By Staff Reporter
TOP businessman, Farai Matsika wept bitterly Monday in court after losing an appeal against a High Court ruling that he fabricated documents in a bid to snatch Croco Holdings owned by his former partner Moses Chingwena.
The case was dismissed on appeal with costs at the Supreme Court.
A full judgment was not readily available, but Matsika had in his appeal raised 11 points challenging the High Court ruling, which concluded that he had cheated.
In his appeal, Matsika complained High Court judge, Justice Owen Tagu had made a number of mistakes in concluding he sought to grab the company through the back door.
“The court a quo erred and misdirected itself on the facts and the evidence in holding that the second applicant (Fairgold Investments) is a wholly-owned subsidiary of the third respondent (Croco Holdings) and as such the second applicant is not a minority shareholder entitled to bring an application in terms of Section 196 (1) and Section 198 of the Companies Act (Chapter 24:03),” Matsika argued.
He added: “The court a quo erred and grossly misdirected itself on the facts and on the evidence in finding that the application before it was on material falsehoods, whether as alleged by the respondents or at all.”
He argued Justice Tagu made a mistake in finding the cause of action had been taken out of time.
Matsika sought the setting aside of the High Court ruling and demanded a forensic audit and valuation of Croco Holdings and 39 other entities.
Matsika claimed that in family negotiations he had built the Croco business empire for 26 years while his cousin Chingwena was working at LCZ, Century Bank, and Discount House, which he claims are failed companies.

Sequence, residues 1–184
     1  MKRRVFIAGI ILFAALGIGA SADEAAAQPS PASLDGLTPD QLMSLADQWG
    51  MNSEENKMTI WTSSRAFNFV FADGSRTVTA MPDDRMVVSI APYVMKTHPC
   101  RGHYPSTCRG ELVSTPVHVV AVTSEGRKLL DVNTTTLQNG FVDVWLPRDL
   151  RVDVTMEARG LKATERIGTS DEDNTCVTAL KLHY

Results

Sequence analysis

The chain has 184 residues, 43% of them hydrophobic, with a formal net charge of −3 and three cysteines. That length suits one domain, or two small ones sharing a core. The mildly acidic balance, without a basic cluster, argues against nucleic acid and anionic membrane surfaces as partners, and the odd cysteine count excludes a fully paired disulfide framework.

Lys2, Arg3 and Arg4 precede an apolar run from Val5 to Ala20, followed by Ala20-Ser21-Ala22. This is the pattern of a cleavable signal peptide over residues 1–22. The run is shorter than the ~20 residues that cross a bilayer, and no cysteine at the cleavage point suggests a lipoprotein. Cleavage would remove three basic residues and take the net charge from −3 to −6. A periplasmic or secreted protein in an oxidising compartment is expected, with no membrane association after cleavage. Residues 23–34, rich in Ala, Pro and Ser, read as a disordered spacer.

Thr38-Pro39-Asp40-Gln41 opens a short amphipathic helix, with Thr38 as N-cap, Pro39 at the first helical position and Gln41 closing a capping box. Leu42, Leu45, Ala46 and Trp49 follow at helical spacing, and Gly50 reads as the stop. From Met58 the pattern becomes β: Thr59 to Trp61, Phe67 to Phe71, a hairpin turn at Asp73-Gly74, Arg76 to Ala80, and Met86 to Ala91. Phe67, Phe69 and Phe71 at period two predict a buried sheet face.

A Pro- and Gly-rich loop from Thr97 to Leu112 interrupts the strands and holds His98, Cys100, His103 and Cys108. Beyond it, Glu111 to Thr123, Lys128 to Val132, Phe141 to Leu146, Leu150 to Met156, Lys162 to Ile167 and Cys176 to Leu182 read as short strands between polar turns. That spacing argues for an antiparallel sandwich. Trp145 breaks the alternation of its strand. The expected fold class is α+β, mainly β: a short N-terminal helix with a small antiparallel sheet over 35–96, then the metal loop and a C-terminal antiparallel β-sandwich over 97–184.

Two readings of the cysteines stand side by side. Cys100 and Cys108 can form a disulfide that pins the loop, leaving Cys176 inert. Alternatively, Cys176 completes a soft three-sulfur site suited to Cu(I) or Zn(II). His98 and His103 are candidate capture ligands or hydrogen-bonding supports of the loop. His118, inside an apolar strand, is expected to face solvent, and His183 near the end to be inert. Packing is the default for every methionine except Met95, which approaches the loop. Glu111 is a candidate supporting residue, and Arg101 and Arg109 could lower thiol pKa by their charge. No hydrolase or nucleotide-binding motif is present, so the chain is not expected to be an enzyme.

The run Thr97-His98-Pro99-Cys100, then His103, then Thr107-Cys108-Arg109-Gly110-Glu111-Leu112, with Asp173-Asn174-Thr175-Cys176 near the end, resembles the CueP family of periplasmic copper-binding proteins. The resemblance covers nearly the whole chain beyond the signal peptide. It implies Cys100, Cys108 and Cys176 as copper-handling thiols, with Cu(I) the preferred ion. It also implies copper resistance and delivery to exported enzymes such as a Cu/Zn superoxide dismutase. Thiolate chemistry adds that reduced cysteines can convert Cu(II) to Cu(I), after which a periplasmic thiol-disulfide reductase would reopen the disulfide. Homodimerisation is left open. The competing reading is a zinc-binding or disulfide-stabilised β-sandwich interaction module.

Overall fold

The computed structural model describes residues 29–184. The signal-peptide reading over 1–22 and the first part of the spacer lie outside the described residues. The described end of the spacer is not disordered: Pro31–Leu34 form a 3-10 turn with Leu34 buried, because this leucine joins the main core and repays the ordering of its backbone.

Matsika, a former Croco chief executive, was left in the open after the court ruled that he had produced doctored documents to substantiate a false claim.
Tagu ruled that his “entire application was anchored on dishonesty.”
“The applicants (Matsika and Fairgold) sought to seek relief from this court by fabricating documents, a fabrication as amateurish as it is disrespectful,” Tagu ruled, before dismissing the application with costs.
In the application, Chingwena had argued that Matsika failed to place before the court evidence showing how he secured the 30 percent stake in the car firm.
While Matsika had claimed that Phibeon Gwatidzo of Baker Tilly Gwatidzo Chartered Accountants was the shares transferring secretary in 2006, it later emerged through Gwatidzo’s secretary that the accounting firm was not yet in existence at the time.
Justice Tagu ruled that by extension of logic, the applicants needed to explain why the share capital amount was expressed in United States currency, which was not in use in Zimbabwe until 2009.
The judge said they also should have taken the court into their confidence and explained how Baker Tilly Gwatidzo Chartered Accountants could have executed the share transfer documents in May 2006 when that firm only come into existence six years later in 2012.
It is clear from the answering affidavit that the applicants did not deny that Baker Tilly Gwatidzo Chartered Accountants was established in 2012.